"Free Jason" pin.
“Free Jason” is the campaign being waged by the Post, and the U.S. government, and the United Nations, and others, to free Jason Rezaian, the paper’s Tehran bureau chief, who in July 2014 was taken from his home by Iranian authorities and has been held at the Evin Prison, indicted and tried on an assortment of “espionage” and “propaganda” charges. His wife was taken and charged, too, but later released on bail.

Rezaian was born and raised in California. He has dual citizenship as his father emigrated from Iran in 1959.

Ryan said he was disappointed that the recent round of United Nationals General Assembly meetings, held last week in New York and attended by Iran’s President Hassan Rouhani, didn’t result in any positive action toward a release. At least not that was made public or even hinted.  
Jason Rezaian has been imprisoned in Iran since July 2014.
Rezaian and his wife, Yeganeh Salehi. The couple were taken into custody at their Tehran home. Salehi was later released on bail.
Baron, who in an August statement called Rezaian’s trial a “sham,” said the Iranian legal process “has been anything but transparent and just,” and violates international law, Iran’s laws, “and fundamental human decency.”

The “Free Jason” buttons weren’t in large supply at the party, but maybe next time, though Ryan would like Jason and his wife to be free long before the next time the Post has a party.
Washington Post editor Marty Baron, on the right, wearing his "Free Jason" pin. With him, is the Post's East Coast sales manager, Guy Griggs.
Fred Ryan, with Melissa Moss and Quinn Bradlee.
Michael Beschloss and Sally Quinn. Jamie Sterling with Washington Post COO Steve Hills.
Robert Higdon, Ginny Ryan, and Buffy Cafritz.
Shane Harris and Melissa Moss.
The Power Post party was a respite from a very rainy night.
The Post took over the top floor of the W Hotel to celebrate its new newsletter, The Power Post.

Please be my guest as we squeeze our way into the opening party for the Tadich Grill, which has been declared by the media to be the new DC power spot — without having yet opened for business. Clearly, Washington is eager for a new power spot, or was the mosh pit turnout the Trump effect?
Tadich Grill DC opens officially on Oct. 8.
Tadich, a landmark in San Francisco, planted its flag on Pennsylvania Avenue, in an empty office building space that last was an Asian restaurant. It is across the street from the looming, and under construction, Trump Hotel. By looming I mean as only the Trump name can loom. Whatever, the party was a ratings winner.

Inside those doors it was a packed house for the Tadich Grill opening party.
It was a sensation, too, even if at times it felt like a running take-off. What do you do if your VIP guests, such as House Minority Leader Nancy Pelosi, a San Franciscan, arrive at 6 PM and you just got your liquor license at 5 PM, which is what happened.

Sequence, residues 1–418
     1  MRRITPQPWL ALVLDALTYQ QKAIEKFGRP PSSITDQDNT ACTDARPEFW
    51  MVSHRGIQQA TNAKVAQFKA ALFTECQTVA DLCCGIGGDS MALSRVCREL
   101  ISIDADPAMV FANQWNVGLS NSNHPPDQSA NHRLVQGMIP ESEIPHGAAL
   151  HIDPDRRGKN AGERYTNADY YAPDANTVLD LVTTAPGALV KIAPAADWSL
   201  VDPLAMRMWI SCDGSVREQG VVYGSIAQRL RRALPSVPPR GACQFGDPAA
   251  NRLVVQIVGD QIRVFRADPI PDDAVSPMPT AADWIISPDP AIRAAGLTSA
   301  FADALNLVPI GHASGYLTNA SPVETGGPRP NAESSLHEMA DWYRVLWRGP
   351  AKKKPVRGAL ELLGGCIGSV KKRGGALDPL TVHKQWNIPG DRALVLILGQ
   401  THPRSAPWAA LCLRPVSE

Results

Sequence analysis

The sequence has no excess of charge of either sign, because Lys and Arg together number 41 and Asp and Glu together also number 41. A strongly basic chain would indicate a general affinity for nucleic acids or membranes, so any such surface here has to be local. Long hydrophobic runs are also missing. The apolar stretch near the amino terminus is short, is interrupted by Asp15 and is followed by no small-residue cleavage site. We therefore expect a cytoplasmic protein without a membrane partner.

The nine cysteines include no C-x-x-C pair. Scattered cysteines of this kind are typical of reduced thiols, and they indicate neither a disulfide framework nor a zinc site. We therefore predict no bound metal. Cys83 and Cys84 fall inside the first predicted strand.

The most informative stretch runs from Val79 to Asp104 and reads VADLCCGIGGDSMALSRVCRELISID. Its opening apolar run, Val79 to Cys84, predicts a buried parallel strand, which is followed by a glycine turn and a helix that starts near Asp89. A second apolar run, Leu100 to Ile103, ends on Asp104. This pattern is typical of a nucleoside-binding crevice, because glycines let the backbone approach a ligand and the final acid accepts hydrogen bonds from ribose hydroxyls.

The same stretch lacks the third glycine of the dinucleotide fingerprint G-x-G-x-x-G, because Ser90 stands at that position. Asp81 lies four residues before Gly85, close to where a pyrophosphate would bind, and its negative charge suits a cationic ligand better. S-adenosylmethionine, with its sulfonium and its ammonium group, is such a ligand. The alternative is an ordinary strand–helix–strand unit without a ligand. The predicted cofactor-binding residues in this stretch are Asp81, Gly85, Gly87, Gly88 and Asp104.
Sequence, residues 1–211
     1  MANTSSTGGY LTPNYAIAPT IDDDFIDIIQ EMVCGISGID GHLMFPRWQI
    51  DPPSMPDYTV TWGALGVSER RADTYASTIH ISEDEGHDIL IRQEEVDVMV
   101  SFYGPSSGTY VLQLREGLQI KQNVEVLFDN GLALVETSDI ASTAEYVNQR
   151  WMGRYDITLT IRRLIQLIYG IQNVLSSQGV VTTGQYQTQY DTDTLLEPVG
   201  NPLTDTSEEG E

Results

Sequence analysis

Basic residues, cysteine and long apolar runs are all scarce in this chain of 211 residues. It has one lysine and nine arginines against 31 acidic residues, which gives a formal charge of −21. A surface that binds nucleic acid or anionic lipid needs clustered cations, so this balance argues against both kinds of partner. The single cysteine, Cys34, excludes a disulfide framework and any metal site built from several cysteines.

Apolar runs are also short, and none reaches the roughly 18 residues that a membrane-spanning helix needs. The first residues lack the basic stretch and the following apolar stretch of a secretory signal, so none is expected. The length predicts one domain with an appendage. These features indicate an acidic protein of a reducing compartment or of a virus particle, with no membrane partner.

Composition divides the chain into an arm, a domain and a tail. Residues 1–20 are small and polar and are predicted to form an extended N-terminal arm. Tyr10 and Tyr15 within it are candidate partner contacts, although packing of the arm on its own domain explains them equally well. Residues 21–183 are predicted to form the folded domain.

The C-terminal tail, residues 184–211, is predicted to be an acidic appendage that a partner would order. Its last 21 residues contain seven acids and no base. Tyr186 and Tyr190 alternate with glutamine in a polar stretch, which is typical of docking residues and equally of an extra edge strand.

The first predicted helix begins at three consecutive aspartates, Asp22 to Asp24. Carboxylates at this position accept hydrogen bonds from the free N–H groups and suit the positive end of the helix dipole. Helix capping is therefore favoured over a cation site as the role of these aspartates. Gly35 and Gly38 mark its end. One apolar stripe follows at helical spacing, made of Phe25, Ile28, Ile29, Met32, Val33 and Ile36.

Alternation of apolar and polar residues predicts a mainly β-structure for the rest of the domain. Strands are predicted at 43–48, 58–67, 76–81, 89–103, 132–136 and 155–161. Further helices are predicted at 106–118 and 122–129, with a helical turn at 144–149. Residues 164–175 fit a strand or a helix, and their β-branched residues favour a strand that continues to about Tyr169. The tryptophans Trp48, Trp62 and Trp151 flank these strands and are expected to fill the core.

Or, the Chaplain of the House of Representatives, Father Patrick Conroy, shows up early to bless the establishment? You hustle. What if you don’t have any Champagne to pour for the VIP guests and the other 750 invited to arrive at 6:30? You head to Costco. Which is what the Tadich folks did.

The Champagne didn’t quite make it in time for the blessing and the first wave of celebrants, but when the cases did arrive through the back door the bottles were hastily pulled out, iced down and soon the empty flutes spilled over with bubbly as they were passed into outstretched hands.

In addition to the Champagne, there was more — wine, beer and spirits. Oh, wait. An hour into the party, they ran dry of bourbon and vodka. No problem, a quick deployment for more supplies.
Waiting for the Champagne to get iced down.
Fresh supplies of booze after the first supply ran out.
Knowing that 800 were invited, we perched on a barstool near the front door, to not get lost in the crush, and it was an epic crush. A friend, who was game to venture to the back room, and into the main dining room, said, “If I’m not back soon send a search party.” When he returned, wide-eyed and thirsty, he could only gasp, “you need skills to get through that.”

I’m not sure the barstool on which I was perched is the “David Rubenstein barstool,” but it provided the best view. Rubenstein is one of the founding partners of the elite private equity firm The Carlyle Group. Tadich is in Carlyle’s building, and it’s expected that when it officially opens on October 8 Tadich will also be Carlyle’s unofficial lunchroom. Thus, the owners said they plan to name a barstool after Rubenstein. He doesn’t strike me as the barstool type, but then David is a man of many fascinating parts.
Mike Buich greets Supreme Court Justice Anthony Kennedy.
Celebrating the arrival in Washington of San Francisco's Tadich Grill: co-owner Gerard Centioli, California Rep. Nancy Pelosi, friend of the house, Lyndon Boozer, and co-owner Mike Buich. (Photo by Len DePas).
If Rubenstein is concerned he’s being singled out. He’s not. A Tadich investor said Ivanka Trump, who is overseeing the hotel development, is getting a barstool, too. (Is this the next elite status symbol, comparable to a picture on the wall at The Palm?)